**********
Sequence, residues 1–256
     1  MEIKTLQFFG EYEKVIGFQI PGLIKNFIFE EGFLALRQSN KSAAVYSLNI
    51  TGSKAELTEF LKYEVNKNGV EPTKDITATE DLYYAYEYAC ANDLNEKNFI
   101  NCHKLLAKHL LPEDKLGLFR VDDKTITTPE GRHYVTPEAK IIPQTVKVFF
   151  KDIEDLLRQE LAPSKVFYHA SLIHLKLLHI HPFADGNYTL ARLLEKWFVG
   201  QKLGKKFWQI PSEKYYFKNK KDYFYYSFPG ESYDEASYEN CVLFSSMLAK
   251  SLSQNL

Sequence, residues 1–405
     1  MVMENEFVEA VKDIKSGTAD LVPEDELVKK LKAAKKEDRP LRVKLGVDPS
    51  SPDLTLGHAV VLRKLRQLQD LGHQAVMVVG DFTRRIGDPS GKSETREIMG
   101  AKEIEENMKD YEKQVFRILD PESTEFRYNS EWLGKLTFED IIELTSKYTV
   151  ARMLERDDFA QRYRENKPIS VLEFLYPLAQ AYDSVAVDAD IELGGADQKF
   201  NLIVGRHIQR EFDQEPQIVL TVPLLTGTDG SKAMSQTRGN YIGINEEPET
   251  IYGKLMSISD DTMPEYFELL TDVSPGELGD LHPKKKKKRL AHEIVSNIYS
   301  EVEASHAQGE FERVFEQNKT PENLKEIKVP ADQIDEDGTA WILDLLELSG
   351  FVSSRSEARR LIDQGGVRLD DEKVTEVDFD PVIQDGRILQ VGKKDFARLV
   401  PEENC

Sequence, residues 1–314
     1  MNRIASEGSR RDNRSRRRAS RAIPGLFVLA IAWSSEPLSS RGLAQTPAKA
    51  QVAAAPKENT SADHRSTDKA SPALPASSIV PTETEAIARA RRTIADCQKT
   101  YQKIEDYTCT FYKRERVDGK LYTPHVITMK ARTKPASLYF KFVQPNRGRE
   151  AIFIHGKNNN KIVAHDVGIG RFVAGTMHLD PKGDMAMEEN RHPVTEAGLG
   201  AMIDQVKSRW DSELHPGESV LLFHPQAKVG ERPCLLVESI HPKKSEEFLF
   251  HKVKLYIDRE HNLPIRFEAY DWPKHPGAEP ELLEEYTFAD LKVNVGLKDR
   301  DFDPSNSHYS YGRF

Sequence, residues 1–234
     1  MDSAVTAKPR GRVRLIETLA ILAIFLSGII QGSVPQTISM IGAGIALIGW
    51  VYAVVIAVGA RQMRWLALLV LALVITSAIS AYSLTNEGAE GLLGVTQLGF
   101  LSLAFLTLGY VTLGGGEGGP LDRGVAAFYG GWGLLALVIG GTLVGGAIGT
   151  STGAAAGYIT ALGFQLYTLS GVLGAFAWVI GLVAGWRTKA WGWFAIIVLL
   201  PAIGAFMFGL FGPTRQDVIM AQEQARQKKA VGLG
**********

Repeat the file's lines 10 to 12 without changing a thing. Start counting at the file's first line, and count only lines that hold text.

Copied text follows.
    51  SPDLTLGHAV VLRKLRQLQD LGHQAVMVVG DFTRRIGDPS GKSETREIMG
   101  AKEIEENMKD YEKQVFRILD PESTEFRYNS EWLGKLTFED IIELTSKYTV
   151  ARMLERDDFA QRYRENKPIS VLEFLYPLAQ AYDSVAVDAD IELGGADQKF